A Labour spokeswoman denied that legal advice had been sought as a result of the worries over “entryism” from the left and right. “The party’s focus is on making sure that the rules are fully complied with. As we said last week, we have taken legal advice to make sure that the rules are being complied with and that all due diligence as possible was being done,” she said.
She repeated that the party had “a robust system” to prevent fraudulent or malicious applications and duplicate votes. “All applications to join the Labour party as a member, affiliate or supporter are verified and those who do not share Labour’s aims and values will be denied a vote.”
Earlier this month, Tory minister Tim Loughton was caught in the party’s vetting process attempting to register to vote for Labour’s new leader, and a number of Twitter users who took part in an online campaign to persuade Conservative party supporters to sign up and vote for Corbyn in an attempt to damage Labour’s electoral chances posted pictures of ballot papers they claim to have been sent.
Among at least 1,800 people who have already been weeded out as infiltrators, there were 150 people who stood as candidates for the Green party, 92 members and candidates with the Trade Unionist and Socialist coalition (Tusc) and 18 senior figures from Left Unity.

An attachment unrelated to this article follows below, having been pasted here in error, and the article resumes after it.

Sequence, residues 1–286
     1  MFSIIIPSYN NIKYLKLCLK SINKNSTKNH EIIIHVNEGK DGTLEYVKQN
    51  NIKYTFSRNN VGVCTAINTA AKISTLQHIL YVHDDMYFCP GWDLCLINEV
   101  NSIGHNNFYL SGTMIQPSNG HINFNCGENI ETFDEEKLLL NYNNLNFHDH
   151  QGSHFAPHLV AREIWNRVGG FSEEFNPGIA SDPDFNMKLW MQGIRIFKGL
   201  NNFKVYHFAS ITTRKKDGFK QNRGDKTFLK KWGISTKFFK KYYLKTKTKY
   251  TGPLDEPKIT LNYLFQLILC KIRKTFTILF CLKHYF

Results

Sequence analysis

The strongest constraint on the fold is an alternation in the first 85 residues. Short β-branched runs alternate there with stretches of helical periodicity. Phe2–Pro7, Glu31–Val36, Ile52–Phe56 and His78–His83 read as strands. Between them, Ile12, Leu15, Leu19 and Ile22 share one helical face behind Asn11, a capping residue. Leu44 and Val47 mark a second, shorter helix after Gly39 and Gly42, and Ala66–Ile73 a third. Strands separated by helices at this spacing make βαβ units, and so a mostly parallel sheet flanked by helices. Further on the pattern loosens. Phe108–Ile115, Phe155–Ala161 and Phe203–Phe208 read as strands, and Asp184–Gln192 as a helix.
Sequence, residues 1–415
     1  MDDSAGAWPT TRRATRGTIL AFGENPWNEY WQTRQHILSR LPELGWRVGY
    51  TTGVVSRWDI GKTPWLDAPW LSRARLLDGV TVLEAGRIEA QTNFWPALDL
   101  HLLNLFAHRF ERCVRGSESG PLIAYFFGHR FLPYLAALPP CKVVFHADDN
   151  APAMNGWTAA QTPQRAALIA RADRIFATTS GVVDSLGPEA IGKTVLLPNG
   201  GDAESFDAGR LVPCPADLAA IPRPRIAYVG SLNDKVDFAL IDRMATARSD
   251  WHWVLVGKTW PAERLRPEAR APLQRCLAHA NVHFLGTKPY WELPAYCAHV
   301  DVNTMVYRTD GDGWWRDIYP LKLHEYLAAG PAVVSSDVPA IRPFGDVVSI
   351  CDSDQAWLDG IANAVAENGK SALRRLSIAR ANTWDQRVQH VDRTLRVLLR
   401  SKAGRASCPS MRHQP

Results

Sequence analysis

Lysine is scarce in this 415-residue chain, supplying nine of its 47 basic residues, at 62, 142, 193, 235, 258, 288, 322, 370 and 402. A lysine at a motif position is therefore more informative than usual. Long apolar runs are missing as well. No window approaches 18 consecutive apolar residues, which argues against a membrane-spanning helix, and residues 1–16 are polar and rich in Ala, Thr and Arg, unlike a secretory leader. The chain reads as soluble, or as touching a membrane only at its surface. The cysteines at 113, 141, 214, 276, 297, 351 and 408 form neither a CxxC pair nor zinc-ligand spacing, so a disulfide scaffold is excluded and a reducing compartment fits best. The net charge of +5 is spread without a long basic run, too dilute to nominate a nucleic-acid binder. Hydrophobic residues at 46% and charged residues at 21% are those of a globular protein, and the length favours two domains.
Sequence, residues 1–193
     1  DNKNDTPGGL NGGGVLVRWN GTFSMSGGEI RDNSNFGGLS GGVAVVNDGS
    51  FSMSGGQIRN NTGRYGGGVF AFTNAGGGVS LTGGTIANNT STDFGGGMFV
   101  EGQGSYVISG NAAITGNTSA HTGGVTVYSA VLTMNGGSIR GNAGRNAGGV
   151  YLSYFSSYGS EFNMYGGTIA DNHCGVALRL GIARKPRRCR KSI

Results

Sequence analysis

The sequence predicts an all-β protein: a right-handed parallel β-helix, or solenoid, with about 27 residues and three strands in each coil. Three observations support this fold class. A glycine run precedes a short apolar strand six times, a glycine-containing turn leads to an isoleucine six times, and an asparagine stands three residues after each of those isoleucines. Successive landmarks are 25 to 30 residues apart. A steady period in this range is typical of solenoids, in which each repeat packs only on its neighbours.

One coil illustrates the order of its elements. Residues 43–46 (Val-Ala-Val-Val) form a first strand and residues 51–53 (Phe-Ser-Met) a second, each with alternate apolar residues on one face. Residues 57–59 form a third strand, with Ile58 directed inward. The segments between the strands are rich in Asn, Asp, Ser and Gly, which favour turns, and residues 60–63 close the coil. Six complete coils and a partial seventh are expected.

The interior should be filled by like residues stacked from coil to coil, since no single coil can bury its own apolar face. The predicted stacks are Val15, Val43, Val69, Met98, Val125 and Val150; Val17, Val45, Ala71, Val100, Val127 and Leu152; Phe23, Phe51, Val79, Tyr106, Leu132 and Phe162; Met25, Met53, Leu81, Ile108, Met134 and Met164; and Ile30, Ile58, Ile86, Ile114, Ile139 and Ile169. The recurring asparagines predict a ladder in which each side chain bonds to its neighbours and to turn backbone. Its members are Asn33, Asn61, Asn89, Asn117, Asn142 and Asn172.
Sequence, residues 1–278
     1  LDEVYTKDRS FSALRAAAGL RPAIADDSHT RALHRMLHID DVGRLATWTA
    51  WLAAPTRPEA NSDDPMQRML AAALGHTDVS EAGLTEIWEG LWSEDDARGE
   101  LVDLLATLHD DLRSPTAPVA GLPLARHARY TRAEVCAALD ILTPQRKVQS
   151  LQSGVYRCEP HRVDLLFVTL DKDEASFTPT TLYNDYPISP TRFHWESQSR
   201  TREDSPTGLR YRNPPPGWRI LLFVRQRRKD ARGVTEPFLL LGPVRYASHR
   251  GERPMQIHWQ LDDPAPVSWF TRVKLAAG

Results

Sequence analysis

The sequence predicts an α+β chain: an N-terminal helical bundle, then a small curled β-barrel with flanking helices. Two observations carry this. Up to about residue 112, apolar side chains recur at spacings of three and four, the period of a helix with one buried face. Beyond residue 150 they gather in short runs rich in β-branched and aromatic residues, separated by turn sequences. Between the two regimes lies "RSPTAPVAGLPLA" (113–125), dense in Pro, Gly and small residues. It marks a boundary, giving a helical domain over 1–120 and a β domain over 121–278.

Corbyn’s candidacy appears to have been boosted not just by support from registered supporters, of whom there are just under 100,000, but new supporters affiliated to trade unions who make up 180,000 of the electorate.
Some Labour MPs have called for an end to complaints about the process, pointing out that entryists would be a mere tiny percentage of the overall numbers voting and arguing the party should embrace the fact that so many new people have signed up. However, others have been more critical.
Ian Austin, Labour MP and former minister, said the contest had been a ridiculous and a total shambles and he knew of some Ukip and Socialist Workers party supporters who had signed up in his area. He added that it was a “ludicrous system that is open to such abuse” and longstanding members were threatening to leave as result.
Earlier this week, Ben Bradshaw, a former Labour cabinet minister who is standing to be deputy leader, said he had found that one in 10 of the registered supporters in his own constituency were actually “strongly against the Labour party”.
He told the BBC Radio 4’s Today programme: “In my own constituency, which is probably the best organised Labour party in the country, we have been through all of the new registered supporters and we have cross-referenced them with our voting records.
“Consistently, 10% of the new registered supporters have always said they had been strongly against Labour. They had never voted Labour, they had always voted for another party.
“That’s a potential problem for the party. The party has assured all of us – the leader and the deputy leader candidates – that it has a system in place to weed these people out. We have to take those assurances at face value, but you will know that three of the leadership candidates wrote last week expressing this concern. The party needs to be confident that its processes are robust.”